Possible batch effect correction with RNA-Seq data when the batches do not contain both biological conditions for DE analysis
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svlachavas ▴ 830
Last seen 9 months ago
Germany/Heidelberg/German Cancer Resear…

Dear Community,

I would like to ask for a rather challenging scenario of putative batch effect correction for differential expression analysis. Very briefly, I have pre-processed (TMM normalization, log2CPM transformation) a large number of RNA-Seq samples from patients with different solid tumors, that have undergone conventional therapy prior sequencing. The main limitation, is that due to some initial purposes of the study, control or healthy samples did not included. My current putative goal, is to assess the possibility of performing differential expression analysis, based on some reference tissue samples.

On this premise, one "naive" approach would be from GTEx to download gene counts for any tissue types that are also included in the cancer data, and pre-process similarly. Thus my crucial questions are the following:

1) Is possible to perform any batch effect correction approach ? like removeBatchEffect from limma or even ComBat ? however, for differential expression analysis this would be erroneous due to the overestimation of residuals of freedom and relative inflation of statistics and variance estimation ? and additionally, as the 2 batches of samples do not contain both biological conditions, technical variance would dominate any correction for contribution of biological signal ?

2) Alternatively, blocking through the design matrix and including the batch information into the linear model would still be problematic, because any of the samples from either condition, would be totally "utilized" to estimate the batch effect ? and could not be used for DE ?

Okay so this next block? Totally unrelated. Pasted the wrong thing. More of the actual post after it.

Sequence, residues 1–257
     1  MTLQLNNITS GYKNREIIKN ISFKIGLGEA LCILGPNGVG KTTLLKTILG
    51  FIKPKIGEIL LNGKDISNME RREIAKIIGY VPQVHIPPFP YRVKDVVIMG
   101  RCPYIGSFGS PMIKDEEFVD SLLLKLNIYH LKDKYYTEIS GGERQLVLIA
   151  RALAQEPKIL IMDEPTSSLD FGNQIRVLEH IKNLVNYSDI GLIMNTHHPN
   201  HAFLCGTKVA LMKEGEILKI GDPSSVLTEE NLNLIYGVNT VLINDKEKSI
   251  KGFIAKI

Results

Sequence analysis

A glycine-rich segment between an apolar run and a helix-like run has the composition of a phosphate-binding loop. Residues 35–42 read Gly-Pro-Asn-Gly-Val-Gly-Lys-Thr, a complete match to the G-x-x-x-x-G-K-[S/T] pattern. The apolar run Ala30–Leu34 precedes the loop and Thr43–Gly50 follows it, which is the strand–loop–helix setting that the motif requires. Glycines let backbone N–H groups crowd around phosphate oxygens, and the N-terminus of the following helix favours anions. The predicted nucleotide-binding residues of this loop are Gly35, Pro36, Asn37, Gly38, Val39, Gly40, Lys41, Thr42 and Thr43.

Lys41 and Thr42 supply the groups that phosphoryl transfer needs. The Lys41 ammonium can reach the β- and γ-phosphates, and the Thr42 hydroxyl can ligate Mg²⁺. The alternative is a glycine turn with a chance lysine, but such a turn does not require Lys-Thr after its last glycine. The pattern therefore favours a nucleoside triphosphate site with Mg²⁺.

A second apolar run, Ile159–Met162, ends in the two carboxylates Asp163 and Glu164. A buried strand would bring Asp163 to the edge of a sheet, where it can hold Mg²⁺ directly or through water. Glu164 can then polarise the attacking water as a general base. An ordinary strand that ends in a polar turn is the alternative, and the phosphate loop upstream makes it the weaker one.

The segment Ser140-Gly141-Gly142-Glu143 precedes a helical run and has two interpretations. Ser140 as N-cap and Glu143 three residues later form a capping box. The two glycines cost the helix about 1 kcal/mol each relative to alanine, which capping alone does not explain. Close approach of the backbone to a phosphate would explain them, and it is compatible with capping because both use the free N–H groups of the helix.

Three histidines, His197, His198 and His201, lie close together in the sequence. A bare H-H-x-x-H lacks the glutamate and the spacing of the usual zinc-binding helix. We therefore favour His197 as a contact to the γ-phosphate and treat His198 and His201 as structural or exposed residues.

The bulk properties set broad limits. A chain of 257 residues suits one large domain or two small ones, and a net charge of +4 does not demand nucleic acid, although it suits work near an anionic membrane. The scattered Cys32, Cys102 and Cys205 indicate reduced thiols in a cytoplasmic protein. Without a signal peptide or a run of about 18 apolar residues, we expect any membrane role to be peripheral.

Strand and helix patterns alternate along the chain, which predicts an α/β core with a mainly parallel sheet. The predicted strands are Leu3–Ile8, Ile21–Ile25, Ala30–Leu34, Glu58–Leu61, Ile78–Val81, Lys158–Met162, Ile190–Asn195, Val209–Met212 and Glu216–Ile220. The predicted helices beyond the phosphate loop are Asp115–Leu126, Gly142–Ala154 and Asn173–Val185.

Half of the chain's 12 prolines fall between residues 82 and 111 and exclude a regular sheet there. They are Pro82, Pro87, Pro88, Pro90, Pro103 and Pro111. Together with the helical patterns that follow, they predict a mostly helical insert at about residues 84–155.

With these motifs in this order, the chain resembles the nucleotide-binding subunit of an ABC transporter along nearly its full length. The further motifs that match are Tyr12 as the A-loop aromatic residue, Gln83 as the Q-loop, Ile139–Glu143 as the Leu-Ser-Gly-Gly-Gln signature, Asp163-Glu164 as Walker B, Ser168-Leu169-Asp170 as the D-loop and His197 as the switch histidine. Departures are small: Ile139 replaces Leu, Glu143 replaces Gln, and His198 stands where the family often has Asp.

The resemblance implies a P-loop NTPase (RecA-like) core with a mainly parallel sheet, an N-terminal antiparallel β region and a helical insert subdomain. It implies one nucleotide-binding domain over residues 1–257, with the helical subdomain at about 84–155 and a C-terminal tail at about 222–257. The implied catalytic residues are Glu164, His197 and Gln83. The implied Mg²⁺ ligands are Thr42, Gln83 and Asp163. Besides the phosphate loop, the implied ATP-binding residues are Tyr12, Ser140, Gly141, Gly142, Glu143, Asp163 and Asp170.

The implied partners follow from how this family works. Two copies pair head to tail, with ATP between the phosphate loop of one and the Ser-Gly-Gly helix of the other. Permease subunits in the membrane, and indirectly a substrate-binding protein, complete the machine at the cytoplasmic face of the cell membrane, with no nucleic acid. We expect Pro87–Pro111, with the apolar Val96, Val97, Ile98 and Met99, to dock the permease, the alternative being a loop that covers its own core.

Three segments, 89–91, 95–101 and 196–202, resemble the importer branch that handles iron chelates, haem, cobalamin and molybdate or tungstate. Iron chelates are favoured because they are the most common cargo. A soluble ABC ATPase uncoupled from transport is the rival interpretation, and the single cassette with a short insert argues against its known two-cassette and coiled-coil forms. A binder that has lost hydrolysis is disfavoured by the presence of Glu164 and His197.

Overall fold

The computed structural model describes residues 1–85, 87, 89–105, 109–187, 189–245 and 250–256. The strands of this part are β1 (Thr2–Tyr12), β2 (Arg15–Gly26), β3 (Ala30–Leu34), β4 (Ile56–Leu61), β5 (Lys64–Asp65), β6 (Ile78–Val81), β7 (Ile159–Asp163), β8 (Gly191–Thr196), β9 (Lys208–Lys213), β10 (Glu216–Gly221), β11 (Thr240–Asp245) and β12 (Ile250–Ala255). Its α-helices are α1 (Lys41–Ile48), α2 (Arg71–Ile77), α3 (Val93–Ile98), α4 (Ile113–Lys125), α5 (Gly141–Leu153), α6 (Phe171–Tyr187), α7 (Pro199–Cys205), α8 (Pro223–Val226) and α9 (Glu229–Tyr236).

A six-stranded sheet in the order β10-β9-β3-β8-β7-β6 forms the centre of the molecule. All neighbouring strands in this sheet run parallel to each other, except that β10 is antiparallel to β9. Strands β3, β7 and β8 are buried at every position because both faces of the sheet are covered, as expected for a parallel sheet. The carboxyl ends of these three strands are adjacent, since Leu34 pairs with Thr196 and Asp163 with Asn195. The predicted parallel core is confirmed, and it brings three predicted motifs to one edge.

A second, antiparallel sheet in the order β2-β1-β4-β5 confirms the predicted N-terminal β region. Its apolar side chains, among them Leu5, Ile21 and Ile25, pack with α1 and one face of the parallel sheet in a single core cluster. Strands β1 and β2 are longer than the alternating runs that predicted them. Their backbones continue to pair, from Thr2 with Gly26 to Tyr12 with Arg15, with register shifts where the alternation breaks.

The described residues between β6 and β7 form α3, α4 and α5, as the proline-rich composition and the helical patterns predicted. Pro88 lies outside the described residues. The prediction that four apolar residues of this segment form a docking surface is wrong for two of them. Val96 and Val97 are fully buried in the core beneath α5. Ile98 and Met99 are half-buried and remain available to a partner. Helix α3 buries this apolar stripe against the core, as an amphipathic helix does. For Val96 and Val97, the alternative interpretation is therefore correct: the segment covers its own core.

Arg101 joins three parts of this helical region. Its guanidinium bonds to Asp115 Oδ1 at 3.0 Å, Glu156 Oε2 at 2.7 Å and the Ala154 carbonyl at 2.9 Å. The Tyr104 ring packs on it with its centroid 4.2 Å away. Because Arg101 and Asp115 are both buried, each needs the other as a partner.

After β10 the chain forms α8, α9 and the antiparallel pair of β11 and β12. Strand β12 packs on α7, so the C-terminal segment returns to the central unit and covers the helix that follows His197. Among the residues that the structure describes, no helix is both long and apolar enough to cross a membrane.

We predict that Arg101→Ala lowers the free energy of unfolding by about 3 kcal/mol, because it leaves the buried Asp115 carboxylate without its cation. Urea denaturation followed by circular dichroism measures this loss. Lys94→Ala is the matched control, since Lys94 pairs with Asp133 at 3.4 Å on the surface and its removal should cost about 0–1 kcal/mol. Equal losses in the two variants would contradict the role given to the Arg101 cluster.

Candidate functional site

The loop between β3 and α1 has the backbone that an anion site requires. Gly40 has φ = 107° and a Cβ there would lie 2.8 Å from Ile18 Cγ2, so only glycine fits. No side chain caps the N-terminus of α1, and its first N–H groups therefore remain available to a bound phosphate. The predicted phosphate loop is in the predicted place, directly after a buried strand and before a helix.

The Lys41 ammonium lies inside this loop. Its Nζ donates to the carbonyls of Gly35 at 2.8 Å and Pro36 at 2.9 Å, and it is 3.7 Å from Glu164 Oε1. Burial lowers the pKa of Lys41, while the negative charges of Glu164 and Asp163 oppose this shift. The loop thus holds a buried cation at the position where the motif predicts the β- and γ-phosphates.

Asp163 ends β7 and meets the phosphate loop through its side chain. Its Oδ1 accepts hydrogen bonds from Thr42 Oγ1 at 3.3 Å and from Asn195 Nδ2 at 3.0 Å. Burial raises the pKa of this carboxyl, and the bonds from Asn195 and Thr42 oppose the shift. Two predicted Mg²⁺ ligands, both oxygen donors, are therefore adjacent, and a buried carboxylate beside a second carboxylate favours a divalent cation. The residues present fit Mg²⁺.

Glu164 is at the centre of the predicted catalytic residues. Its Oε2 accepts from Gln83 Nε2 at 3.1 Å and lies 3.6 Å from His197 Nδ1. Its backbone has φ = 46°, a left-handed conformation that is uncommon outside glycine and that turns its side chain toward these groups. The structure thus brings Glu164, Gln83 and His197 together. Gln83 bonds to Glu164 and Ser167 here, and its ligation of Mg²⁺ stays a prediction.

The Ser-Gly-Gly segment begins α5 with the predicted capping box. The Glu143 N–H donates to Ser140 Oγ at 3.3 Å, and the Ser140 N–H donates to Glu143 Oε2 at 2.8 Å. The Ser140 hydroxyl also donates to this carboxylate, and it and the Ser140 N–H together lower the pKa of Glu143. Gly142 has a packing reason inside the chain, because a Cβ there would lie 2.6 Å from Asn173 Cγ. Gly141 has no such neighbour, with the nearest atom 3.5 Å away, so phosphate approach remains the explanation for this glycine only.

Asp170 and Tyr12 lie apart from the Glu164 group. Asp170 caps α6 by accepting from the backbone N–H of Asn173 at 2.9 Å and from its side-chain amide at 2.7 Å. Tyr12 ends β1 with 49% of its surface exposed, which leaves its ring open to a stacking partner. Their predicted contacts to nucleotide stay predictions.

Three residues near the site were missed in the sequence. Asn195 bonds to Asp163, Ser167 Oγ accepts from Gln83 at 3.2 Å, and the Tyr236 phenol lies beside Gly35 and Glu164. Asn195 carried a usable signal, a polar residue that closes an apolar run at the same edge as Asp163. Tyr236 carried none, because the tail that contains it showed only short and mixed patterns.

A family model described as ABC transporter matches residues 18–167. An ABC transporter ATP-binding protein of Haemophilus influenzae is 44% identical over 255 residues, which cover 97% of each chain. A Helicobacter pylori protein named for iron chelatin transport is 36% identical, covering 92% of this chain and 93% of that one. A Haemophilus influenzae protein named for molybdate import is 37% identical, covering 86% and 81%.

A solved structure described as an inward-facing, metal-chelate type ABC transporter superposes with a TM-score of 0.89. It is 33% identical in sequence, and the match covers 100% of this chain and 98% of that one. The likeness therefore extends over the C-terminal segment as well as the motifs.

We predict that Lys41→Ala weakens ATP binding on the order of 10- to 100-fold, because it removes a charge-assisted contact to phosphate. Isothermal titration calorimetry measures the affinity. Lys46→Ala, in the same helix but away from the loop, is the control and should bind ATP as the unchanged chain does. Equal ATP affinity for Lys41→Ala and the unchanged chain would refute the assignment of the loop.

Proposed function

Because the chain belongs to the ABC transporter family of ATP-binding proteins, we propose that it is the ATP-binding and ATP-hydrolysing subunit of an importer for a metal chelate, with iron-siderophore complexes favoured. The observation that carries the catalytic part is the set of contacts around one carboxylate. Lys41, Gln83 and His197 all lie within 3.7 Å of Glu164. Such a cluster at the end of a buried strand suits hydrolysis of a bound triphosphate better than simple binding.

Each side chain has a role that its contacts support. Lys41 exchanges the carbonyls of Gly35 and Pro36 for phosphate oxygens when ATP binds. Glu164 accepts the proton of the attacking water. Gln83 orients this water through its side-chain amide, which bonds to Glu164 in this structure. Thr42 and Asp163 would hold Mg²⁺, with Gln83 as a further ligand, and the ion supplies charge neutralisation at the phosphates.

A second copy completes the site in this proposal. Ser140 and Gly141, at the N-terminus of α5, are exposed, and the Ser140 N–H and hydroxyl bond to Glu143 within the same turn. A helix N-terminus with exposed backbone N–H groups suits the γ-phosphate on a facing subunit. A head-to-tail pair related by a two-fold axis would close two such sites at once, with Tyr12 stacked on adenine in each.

Is there a possibility for any alternative solution, or due to this experimental design no DE analysis could be performed ?

Thank you in advance,


batch effect limma rna seq DE • 3.5k views
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Last seen 17 months ago
United States

If you have absolutely zero normal/control samples in the original study, it seems like you are almost certainly hosed since there's no real way to identify differences in batch vs differences in the biological condition of interest.

There are almost certainly more examples in the literature of combining different datasets for a singular analysis, but here are two that I recall that combined GTEx "normals" with the TCGA data to perform a tumor-vs-normal analysis. I imagine both studies used the matched normals in the TCGA data to integrate the GTEx data for that tissue, but maybe you can find something useful:

  1. Unifying cancer and normal RNA sequencing data from different sources
  2. Comprehensive analysis of normal adjacent to tumor transcriptomes
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Dear Steve,

thank you for your valuable comments and feedback !! I will take a detailed look on the papers you mentioned-actually, i have found also some other examples in the literature based on the TCGAbiolinks R package about various case studies: